Flashing his usual optimistic smile, he said: "When we ran back from ECP, our energy level was very high despite our tiredness. We sang and cheered while running, and that was very memorable, because I felt that the turn-out actually bonded us closer together."
Said 1SG Thomas: "Once, during the course, we even got trainees to report back to camp a few minutes after they had booked out, and we asked them to check their stores and equipment in camp."
He explained: "We spring such surprises on them to ensure that they are always alert and prepared for anything. (So that) when they become Guardsmen, they will always be ready to be deployed."
Despite being pushed to their limits, some trainees took pride in overcoming personal challenges during the GCC.
At the start of the course, 2nd Lieutenant (2LT) Ng Li Bing predicted that the fast march would be a major obstacle: "I'm vertically challenged; with shorter legs, doing the fast march will naturally be more difficult."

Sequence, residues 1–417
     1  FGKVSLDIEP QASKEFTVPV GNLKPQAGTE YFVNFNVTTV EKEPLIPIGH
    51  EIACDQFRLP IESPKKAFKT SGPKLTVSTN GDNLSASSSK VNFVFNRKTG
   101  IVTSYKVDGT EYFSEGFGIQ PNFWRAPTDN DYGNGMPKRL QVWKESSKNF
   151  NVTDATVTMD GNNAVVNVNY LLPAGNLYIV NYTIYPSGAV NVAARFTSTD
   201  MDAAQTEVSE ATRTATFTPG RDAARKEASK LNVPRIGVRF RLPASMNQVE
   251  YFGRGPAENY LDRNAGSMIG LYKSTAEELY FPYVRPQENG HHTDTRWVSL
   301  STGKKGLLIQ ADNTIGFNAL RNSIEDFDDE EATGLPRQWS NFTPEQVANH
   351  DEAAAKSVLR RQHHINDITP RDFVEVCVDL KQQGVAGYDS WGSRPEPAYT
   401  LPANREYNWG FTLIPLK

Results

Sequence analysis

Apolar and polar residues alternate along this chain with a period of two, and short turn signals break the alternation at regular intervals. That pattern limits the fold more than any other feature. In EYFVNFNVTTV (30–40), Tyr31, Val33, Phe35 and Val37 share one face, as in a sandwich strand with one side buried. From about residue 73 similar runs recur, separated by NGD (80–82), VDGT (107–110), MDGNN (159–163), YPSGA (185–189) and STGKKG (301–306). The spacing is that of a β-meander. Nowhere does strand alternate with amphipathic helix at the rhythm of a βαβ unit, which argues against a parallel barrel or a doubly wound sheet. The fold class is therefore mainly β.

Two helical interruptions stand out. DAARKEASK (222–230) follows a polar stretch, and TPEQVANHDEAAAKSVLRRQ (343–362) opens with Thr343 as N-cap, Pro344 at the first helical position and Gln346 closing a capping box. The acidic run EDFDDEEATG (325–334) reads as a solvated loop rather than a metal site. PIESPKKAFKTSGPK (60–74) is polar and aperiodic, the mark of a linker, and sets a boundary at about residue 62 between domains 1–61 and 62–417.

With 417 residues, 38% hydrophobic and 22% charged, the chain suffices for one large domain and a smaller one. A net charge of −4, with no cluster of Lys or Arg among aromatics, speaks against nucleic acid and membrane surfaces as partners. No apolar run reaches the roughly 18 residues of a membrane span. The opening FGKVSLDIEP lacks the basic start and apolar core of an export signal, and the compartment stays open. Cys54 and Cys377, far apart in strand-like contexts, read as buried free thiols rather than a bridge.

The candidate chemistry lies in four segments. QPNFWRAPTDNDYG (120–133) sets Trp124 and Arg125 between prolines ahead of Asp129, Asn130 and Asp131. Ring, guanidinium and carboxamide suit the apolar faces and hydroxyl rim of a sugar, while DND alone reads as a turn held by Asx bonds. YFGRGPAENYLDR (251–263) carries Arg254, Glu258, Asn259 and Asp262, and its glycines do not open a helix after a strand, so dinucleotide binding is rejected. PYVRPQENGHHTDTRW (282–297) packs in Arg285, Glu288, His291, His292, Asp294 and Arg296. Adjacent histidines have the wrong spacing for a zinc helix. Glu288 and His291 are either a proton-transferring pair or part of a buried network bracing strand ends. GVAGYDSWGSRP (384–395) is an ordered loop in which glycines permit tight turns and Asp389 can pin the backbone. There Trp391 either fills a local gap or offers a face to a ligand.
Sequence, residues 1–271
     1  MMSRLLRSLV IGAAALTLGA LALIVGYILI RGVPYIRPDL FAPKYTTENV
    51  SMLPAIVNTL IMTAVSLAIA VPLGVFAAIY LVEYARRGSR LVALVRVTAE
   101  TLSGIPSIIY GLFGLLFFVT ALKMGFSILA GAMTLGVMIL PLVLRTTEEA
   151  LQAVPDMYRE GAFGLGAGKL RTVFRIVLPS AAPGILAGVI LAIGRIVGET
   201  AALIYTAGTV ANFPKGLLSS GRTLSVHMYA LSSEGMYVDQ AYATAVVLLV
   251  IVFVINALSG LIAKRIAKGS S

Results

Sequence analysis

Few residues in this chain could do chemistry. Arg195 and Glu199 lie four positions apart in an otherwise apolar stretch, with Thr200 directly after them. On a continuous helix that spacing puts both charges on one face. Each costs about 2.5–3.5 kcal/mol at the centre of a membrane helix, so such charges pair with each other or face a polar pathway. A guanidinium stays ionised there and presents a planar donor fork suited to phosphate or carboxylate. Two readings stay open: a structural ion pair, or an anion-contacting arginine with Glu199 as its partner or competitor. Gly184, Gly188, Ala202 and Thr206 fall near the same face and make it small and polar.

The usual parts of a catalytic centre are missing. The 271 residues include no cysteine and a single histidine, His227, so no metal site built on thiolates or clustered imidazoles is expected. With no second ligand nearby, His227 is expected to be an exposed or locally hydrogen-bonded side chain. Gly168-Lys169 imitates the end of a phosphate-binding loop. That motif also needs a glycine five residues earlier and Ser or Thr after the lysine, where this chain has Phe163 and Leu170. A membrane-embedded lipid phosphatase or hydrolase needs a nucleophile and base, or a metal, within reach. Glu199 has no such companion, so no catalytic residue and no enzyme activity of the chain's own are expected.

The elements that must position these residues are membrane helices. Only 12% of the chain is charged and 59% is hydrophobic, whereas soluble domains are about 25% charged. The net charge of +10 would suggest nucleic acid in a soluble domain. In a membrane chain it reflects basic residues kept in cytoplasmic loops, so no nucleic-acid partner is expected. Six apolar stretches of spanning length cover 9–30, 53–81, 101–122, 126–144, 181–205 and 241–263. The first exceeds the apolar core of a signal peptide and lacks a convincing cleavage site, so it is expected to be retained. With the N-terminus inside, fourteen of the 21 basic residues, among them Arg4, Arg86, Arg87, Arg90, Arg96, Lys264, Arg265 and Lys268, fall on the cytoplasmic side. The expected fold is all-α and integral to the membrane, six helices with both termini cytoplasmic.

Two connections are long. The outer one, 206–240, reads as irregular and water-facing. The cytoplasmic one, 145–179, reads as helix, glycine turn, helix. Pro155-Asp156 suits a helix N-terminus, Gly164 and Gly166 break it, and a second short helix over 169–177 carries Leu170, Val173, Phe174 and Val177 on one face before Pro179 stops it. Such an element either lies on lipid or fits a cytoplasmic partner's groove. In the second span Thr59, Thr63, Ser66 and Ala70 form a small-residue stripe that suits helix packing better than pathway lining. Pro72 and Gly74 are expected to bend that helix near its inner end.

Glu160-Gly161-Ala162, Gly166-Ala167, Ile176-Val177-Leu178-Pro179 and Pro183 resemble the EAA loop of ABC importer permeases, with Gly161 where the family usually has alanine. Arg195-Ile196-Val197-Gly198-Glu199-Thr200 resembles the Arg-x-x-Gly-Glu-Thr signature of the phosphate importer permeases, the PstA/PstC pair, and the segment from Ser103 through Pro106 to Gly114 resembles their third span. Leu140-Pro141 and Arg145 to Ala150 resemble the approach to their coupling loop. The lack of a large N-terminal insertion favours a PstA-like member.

Being the only lady in the course, she gave other stronger and taller men a run for their money, as she successfully passed the 12km fast march within 108 minutes.
With memories of the march still fresh in her mind, she said: "The thing that kept me going was the thought that I never want to do this again, so I had to pass it well, and not have to re-take the test."
For 3SG Elamaran s/o Ambalagan, the coastal swim was something he did not look forward to, revealing that he was not a good swimmer.
He gave an account of his experience during the swim that took about three hours: "We swam against the current most of the time, which made us drift further away... It felt like we were never going to finish the swim, but as we sang the Liverpool song You'll never walk alone, it boosted our spirits and kept us swimming."
Another trainee 3SG Chester Tay added: "My syndicate came up with the strategy to place the weak swimmers, including me, in the centre, and have the stronger swimmers flank the weaker ones. After completing the swim as a group, there's this sense of achievement because before this, I couldn't swim for more than 100m at a stretch."
The heli live descent was another major obstacle for 3SG Tay, who had a fear of heights before the GCC.